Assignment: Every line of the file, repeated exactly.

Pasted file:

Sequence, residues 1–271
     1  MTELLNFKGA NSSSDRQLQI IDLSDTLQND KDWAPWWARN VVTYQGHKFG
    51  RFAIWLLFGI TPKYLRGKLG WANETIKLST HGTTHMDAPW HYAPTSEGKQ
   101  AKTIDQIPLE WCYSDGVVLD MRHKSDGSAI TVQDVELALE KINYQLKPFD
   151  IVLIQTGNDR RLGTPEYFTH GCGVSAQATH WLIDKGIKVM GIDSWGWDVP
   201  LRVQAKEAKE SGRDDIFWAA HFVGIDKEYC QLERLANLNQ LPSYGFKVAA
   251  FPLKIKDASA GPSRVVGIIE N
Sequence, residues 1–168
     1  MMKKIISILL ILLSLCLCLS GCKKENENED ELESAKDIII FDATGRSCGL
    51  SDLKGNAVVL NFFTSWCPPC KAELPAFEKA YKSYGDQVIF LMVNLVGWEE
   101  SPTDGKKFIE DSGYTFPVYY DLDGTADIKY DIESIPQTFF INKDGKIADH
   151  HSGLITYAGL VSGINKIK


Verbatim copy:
Sequence, residues 1–271
     1  MTELLNFKGA NSSSDRQLQI IDLSDTLQND KDWAPWWARN VVTYQGHKFG
    51  RFAIWLLFGI TPKYLRGKLG WANETIKLST HGTTHMDAPW HYAPTSEGKQ
   101  AKTIDQIPLE WCYSDGVVLD MRHKSDGSAI TVQDVELALE KINYQLKPFD
   151  IVLIQTGNDR RLGTPEYFTH GCGVSAQATH WLIDKGIKVM GIDSWGWDVP
   201  LRVQAKEAKE SGRDDIFWAA HFVGIDKEYC QLERLANLNQ LPSYGFKVAA
   251  FPLKIKDASA GPSRVVGIIE N
Sequence, residues 1–168
     1  MMKKIISILL ILLSLCLCLS GCKKENENED ELESAKDIII FDATGRSCGL
    51  SDLKGNAVVL NFFTSWCPPC KAELPAFEKA YKSYGDQVIF LMVNLVGWEE
   101  SPTDGKKFIE DSGYTFPVYY DLDGTADIKY DIESIPQTFF INKDGKIADH
   151  HSGLITYAGL VSGINKIK